Case Law Details

Case Name : K.U. Niyas Vs Assisstant Commissioner (Kerala High Court)
Appeal Number : W.P.(C) No. 13647 of 2020
Date of Judgement/Order : 20/08/2020
Related Assessment Year :
Courts : All High Courts (5989) Kerala High Court (329)

K.U. Niyas Vs Assisstant Commissioner (Kerala High Court)

The issue under consideration is whether the serving of assessment order by uploading it on web portal and not communicated separately to the assessee will be considered as valid under law?

High Court states that, as per Section 169(c) and (d) of the GST Act the service of any communication to the e-mail address provided by an assessee at the time of registration, as also by making available the communication in the common portal of the department, is to be treated as an effective communication under the statute. Therefore, the petitioner cannot wish away the fact that the assessment orders were brought to his notice on 25.11.2019 and 27.11.2019 respectively. Inasmuch as the returns filed by the petitioner for the period covered by the assessment orders were belated in that they were filed more than 30 days after the date of service of the orders on the petitioner via the web portal of the department, he cannot aspire for the benefit of withdrawal of the assessment orders as mandated under Section 62 of the GST Act. The Writ Petition in the challenge to the assessment orders and demand notices therefore fails and is accordingly dismissed.

FULL TEXT OF THE HIGH COURT ORDER /JUDGEMENT

The petitioner has approached this Court impugning Ext.P2 series of demand cum recovery notices issued to him under the GST Act. It would appear that Ext.P2 series of demand notices were issued to the petitioner, pursuant to assessment orders that were passed as early as on 25.11.2019 and 27.11.2019 respectively, for the assessment period April 2018 and May 2018 to May 2019. It is the case of the petitioner that the assessment orders were not served on him but, immediately on receipt of the demand notices, he took the necessary steps and filed returns for the said period, within thirty days from the date of receipt of the demand notices, so as to get the benefit of withdrawal of the assessment orders as contemplated under S.62 of the GST Act.

2. It is borne out from the statement filed on behalf of the respondents that the assessment orders were uploaded on the web portal of the department on the same dates, namely, 25.11.2019 and 27.11.2019 as they were passed. As per the provisions of Section 62 of the GST Act, the assessee had an option to file returns for the period concerned, within 30 days from the date of receipt of the orders passed on best judgment basis by the assessing authority, for getting the orders withdrawn. In the instant case, while the assessment orders passed on best judgment basis were uploaded on the web portal of the department on 25.11.2019 and 27.11.2019, the petitioner did not file his returns for the period covered by the said orders within 30 days from the said date. On the contrary, the returns pertaining to the said period were filed within 30 days from the date of receipt of the demand notices that followed the assessment orders.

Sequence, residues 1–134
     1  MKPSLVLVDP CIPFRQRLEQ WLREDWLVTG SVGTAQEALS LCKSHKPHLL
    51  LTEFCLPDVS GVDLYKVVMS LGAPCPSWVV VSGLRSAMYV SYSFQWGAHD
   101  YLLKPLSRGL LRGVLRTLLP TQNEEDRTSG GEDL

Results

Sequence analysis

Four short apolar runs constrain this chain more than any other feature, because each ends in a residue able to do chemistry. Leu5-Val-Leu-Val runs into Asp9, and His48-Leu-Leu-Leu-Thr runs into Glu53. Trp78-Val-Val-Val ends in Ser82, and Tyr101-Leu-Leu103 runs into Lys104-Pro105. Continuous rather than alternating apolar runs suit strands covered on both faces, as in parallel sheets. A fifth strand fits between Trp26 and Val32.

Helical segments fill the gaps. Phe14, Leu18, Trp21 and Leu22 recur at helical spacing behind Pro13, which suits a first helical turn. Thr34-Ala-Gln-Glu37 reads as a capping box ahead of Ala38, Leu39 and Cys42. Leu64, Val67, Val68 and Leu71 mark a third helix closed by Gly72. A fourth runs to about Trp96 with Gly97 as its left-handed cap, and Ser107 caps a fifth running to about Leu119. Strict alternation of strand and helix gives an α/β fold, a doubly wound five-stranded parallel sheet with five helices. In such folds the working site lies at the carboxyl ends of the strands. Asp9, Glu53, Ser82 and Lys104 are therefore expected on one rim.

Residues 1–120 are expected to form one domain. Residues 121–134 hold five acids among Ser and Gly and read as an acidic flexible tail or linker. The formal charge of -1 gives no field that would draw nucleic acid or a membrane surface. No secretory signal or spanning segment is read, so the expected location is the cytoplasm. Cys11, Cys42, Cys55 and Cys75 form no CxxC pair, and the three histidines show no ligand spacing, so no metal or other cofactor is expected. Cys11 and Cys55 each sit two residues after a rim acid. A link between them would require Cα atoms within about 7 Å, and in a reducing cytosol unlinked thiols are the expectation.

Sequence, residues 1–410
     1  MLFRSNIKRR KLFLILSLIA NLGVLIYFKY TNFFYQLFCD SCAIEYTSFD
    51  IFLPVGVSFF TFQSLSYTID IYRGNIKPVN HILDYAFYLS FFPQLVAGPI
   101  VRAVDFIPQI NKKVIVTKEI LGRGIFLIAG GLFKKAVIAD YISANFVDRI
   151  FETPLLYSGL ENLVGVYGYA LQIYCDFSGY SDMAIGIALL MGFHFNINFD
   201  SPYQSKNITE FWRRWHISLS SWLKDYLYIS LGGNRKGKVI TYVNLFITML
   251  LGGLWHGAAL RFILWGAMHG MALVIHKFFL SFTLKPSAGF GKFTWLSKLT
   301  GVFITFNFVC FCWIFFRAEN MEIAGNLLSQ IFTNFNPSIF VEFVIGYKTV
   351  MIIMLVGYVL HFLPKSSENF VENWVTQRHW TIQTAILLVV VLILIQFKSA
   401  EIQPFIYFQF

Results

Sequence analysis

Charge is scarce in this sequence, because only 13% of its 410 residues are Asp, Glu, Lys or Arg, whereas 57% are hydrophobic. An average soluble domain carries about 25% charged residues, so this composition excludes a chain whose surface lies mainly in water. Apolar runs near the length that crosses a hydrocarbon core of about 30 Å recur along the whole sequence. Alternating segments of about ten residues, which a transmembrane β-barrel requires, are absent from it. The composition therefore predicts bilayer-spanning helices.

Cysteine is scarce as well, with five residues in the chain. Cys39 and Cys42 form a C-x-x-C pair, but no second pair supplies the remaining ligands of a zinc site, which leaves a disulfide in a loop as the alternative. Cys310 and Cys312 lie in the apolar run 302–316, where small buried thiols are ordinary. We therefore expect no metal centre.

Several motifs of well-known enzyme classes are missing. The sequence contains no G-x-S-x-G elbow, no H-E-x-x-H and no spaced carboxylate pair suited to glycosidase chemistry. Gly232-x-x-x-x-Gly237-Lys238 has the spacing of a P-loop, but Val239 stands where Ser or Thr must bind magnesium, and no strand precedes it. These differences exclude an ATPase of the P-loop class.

3. On consideration of the facts and circumstances of the case and the submissions made across the bar, I note that as per Section 169(c) and (d) of the GST Act the service of any communication to the e-mail address provided by an assessee at the time of registration, as also by making available the communication in the common portal of the department, is to be treated as an effective communication under the statute. I find, therefore, that the petitioner cannot wish away the fact that the assessment orders were brought to his notice on 25.11.2019 and 27.11.2019 respectively. Inasmuch as the returns filed by the petitioner for the period covered by the assessment orders were belated in that they were filed more than 30 days after the date of service of the orders on the petitioner via the web portal of the department, he cannot aspire for the benefit of withdrawal of the assessment orders as mandated under Section 62 of the GST Act. The Writ Petition in the challenge to the assessment orders and demand notices therefore fails and is accordingly dismissed.

4. Taking note of the submission of learned counsel for the petitioner that he would require some time to prefer appeals against the assessment orders, I direct that recovery proceedings for recovery of amounts confirmed against the petitioner, by the assessment orders and demand notices impugned in the Writ Petition, shall be kept in abeyance for a period of six weeks so as to enable the petitioner to move the appellate authority through statutory appeals in the meanwhile.

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